Other than anger, other symptoms can happen along the Liver meridian.

  • The RED line: Is the “outside” meridian where the acupounts lie, and we can press those area.
  • The dotted BLUE line: Is the “inside” meridian where are are NO acupoints, but pressing the points on RED line will also affect this.



Issues with the head area

Red eyes, dry eyes, twitching eyes, bitter taste in the mouth, sighing very often, feel like a lump in the throat, headache or migraine, especially at the top of your head because that’s where the Liver meridian ends.


Digestive health

According to the 5 element theory, when the Liver is not well, it will not be able to support the Spleen which is in control of all digestive functions. Stress may cause diarrhea, constipation, bloatedness, nausea, vomiting, acid reflux,etc.


Women’s health (and men too)

See how the Liver meridian runs along and around the genital and urinary area? When stress strikes, the Qi & Blood get stuck and it’s not good news. Stress can cause early or late or no menses, PMS, breast tenderness, excess vaginal discharge, thrush, infertility, UTI,etc.


Body aches & pain

Liver is associate with the sinews. So when it’s not working well, sinews are not nourished and cause inflexibility thus causing the ache and soreness in the muscles. Pain around the big toe or along the inner side of the leg may feel sore, pain or heavy at times.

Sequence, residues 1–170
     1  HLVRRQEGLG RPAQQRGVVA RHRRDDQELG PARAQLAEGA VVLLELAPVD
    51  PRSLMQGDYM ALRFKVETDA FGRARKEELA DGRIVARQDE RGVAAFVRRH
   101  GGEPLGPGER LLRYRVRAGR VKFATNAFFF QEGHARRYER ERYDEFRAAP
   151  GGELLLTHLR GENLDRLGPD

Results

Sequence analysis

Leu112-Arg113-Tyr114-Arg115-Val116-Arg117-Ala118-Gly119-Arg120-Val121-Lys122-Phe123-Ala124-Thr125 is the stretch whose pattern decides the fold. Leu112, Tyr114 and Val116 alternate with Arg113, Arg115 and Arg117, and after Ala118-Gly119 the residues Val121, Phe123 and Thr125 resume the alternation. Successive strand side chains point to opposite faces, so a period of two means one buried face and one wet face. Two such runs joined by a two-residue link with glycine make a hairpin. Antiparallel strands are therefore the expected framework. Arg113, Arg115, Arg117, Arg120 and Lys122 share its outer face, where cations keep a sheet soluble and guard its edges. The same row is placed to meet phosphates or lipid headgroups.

Don’t let the needles scare you. They are as thin as hair and you’ll only feel a prick at first then a slight full sensation around the poked area. Think of acupuncture points as power points with specific functions. There are about 365 points all lined up on a highway called meridians. By stimulation specific points, it can produce therapeutic effects all along the highway, making you feel relaxed during the ride. Most of my clients fall asleep.

For homecare, you can press these acupuncture points. Find point location here.

  1. LR 3 (Liver 3) – Located on the toe, in the depression between the webbing of our 1st and 2nd toe.
  2. LI 4 (Large Intestine 4)  – Located on the back of hands, in the depression between the thumb and index fingers.